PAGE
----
Thursday, July 03, 2008

Why We Fight

Journalist Doug Schmidt has been embedded with Canadian troops in Afghanistan for the past six weeks for The Windsor Star. He's done an excellent job and I congratulate him for putting himself in harms way to help us get to know our Soldiers. His final post from Afghanistan is particularly powerful.

KANDAHAR, Afghanistan — Maureen Eykelenboom's son was a medic with the Canadian Forces in Afghanistan who saw things most Canadians couldn't fathom let alone would ever come close to having to experience. Andrew, known to his friends as Boomer, once plugged the severed legs of an interpreter, hit by a rocket from bleeding out, thus saving his life. He and a fellow soldier did this while a battle raged on around them. Another time, the corporal scooped together into a body bag the pieces of a blown-apart comrade.

Boomer, 23, was packing his bags and getting ready for vacation when he volunteered on one last convoy to the volatile border town of Spin Boldak. His armoured G-Wagon was spotted and targeted by a suicide bomber, and Boomer, like dozens of other Canadian soldiers serving in Afghanistan since 2002, was himself blasted to death on August 11, 2006.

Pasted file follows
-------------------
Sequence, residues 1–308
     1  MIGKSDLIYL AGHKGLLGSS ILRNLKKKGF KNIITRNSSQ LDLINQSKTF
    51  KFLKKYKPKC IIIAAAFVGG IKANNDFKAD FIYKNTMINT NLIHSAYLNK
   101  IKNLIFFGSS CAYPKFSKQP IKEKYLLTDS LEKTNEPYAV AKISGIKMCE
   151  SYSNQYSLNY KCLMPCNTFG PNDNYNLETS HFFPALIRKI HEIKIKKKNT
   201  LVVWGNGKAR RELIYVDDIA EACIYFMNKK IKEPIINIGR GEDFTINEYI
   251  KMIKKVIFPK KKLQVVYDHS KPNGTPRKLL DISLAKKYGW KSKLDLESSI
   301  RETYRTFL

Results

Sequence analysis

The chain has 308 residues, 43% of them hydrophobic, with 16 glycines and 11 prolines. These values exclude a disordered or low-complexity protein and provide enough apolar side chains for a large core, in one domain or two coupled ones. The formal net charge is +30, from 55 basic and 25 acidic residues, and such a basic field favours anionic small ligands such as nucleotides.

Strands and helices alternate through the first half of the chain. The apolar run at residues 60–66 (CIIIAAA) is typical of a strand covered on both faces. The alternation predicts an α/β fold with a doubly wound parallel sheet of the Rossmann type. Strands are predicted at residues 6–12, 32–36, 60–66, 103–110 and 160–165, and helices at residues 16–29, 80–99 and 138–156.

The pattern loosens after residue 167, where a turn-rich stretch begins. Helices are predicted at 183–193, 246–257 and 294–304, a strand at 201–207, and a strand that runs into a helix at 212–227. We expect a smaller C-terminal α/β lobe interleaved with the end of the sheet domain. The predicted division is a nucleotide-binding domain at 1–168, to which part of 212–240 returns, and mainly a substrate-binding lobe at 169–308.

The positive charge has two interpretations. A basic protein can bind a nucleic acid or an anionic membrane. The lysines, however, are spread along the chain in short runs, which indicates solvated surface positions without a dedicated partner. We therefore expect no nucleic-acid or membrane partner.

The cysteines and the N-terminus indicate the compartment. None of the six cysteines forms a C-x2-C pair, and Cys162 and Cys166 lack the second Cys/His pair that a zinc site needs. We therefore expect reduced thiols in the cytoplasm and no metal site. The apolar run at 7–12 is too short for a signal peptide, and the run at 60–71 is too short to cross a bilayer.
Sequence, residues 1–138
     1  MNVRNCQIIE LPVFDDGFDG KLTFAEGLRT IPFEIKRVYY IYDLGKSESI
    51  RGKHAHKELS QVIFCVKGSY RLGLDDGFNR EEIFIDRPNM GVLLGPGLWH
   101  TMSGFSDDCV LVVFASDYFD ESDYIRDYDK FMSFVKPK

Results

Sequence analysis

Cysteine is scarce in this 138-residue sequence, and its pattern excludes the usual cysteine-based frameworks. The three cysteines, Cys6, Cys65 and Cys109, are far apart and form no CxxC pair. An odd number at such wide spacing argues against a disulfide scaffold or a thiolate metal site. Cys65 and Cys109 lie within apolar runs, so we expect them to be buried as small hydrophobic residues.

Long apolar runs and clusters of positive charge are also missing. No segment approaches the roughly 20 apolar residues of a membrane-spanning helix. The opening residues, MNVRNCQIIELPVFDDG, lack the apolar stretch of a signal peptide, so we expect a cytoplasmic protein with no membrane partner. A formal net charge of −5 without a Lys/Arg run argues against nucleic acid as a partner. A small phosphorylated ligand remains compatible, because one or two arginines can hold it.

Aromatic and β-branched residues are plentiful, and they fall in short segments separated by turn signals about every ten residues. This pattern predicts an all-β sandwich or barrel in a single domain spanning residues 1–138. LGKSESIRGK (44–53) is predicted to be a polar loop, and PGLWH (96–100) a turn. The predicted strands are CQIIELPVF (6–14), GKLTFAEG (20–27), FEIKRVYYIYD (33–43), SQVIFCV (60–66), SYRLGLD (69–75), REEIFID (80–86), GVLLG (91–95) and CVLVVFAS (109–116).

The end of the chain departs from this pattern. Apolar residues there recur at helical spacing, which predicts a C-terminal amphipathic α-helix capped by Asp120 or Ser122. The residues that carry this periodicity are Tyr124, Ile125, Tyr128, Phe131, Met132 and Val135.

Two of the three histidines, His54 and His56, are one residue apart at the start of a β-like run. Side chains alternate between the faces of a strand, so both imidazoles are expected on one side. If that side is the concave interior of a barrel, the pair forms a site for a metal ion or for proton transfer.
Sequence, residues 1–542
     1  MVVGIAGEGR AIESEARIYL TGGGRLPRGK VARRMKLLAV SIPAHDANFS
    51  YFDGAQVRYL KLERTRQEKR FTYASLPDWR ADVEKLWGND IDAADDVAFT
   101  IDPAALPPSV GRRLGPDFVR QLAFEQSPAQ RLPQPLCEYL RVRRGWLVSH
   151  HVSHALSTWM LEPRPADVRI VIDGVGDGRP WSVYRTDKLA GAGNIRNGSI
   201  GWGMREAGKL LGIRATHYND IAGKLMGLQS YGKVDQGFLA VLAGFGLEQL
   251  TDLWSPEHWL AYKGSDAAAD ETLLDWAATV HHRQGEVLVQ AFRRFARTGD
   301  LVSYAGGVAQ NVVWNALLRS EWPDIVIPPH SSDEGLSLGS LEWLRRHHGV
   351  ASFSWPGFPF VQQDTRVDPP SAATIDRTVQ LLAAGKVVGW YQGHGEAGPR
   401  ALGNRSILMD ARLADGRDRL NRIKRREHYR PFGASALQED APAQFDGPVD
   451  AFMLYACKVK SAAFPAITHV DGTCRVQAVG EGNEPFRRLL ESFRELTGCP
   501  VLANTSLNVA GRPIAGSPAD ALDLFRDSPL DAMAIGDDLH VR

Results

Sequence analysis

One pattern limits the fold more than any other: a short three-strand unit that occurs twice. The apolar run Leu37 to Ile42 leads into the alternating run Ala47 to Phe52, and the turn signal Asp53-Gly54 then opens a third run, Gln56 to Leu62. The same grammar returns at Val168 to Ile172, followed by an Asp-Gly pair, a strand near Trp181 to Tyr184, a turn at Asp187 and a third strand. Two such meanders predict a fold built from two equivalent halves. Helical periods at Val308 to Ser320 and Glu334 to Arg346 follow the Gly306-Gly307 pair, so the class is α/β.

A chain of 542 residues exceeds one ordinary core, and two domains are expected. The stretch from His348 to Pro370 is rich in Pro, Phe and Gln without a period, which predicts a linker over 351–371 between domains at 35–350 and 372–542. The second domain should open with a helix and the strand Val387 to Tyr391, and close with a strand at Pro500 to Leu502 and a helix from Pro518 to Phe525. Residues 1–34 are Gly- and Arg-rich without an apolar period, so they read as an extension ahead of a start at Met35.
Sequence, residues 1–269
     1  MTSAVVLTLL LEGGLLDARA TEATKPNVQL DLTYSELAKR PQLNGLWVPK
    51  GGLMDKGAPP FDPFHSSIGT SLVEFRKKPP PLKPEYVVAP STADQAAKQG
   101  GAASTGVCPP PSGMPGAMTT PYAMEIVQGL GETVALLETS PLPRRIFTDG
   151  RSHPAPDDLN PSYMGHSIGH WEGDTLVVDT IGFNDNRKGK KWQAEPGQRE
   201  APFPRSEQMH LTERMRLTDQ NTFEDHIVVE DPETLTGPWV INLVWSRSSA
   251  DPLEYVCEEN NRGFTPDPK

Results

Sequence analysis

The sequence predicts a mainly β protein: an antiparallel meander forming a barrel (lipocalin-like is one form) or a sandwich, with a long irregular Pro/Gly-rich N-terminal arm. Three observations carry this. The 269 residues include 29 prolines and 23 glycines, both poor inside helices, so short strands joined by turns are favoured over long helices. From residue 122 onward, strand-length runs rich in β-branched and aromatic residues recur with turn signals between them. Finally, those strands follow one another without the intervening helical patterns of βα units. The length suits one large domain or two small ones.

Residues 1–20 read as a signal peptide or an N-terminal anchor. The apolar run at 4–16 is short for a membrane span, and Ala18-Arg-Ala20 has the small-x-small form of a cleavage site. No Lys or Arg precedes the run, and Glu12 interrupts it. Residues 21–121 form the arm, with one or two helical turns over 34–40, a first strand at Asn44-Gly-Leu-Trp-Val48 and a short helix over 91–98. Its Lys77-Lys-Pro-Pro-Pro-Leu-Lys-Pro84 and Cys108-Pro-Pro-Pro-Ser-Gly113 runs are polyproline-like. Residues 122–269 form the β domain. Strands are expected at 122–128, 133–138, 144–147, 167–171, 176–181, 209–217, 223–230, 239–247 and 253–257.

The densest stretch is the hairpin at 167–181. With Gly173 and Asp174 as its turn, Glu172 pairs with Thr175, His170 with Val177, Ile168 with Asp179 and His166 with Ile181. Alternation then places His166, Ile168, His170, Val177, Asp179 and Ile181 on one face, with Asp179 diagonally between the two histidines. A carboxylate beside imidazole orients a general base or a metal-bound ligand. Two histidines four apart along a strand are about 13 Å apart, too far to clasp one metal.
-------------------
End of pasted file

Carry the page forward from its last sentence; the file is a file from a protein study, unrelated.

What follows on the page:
His mother, sporting the shiny Silver Cross on her lapel that next-of-kin get when their children, husbands or wives die while serving their country, made an emotional trip back to Kandahar for Canada Day, when she addressed Canadian soldiers on the current Roto, telling the mostly young volunteers that they don't have to die to become heroes, but that they are heroes just by willing to sacrifice themselves in the service of others. It's a message she and others here wonder whether others back home really understand.

Read the rest, it's well worth it:

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